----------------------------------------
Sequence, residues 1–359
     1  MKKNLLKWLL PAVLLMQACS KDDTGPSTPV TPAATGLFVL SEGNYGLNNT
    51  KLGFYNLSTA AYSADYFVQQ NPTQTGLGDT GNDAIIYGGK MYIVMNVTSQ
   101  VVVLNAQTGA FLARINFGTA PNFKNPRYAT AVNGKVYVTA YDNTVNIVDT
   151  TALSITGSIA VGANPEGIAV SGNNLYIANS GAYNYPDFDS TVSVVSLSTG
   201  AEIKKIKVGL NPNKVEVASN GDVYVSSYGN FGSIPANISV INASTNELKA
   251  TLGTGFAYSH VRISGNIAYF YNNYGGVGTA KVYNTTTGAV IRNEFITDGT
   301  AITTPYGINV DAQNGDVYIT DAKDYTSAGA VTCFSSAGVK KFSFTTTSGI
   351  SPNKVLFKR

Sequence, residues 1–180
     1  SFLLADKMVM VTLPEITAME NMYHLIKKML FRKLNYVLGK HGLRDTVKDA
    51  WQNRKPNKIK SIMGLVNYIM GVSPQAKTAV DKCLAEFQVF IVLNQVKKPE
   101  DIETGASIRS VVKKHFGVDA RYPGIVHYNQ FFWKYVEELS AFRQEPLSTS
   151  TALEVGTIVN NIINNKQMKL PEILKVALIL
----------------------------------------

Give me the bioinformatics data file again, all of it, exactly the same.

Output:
Sequence, residues 1–359
     1  MKKNLLKWLL PAVLLMQACS KDDTGPSTPV TPAATGLFVL SEGNYGLNNT
    51  KLGFYNLSTA AYSADYFVQQ NPTQTGLGDT GNDAIIYGGK MYIVMNVTSQ
   101  VVVLNAQTGA FLARINFGTA PNFKNPRYAT AVNGKVYVTA YDNTVNIVDT
   151  TALSITGSIA VGANPEGIAV SGNNLYIANS GAYNYPDFDS TVSVVSLSTG
   201  AEIKKIKVGL NPNKVEVASN GDVYVSSYGN FGSIPANISV INASTNELKA
   251  TLGTGFAYSH VRISGNIAYF YNNYGGVGTA KVYNTTTGAV IRNEFITDGT
   301  AITTPYGINV DAQNGDVYIT DAKDYTSAGA VTCFSSAGVK KFSFTTTSGI
   351  SPNKVLFKR

Sequence, residues 1–180
     1  SFLLADKMVM VTLPEITAME NMYHLIKKML FRKLNYVLGK HGLRDTVKDA
    51  WQNRKPNKIK SIMGLVNYIM GVSPQAKTAV DKCLAEFQVF IVLNQVKKPE
   101  DIETGASIRS VVKKHFGVDA RYPGIVHYNQ FFWKYVEELS AFRQEPLSTS
   151  TALEVGTIVN NIINNKQMKL PEILKVALIL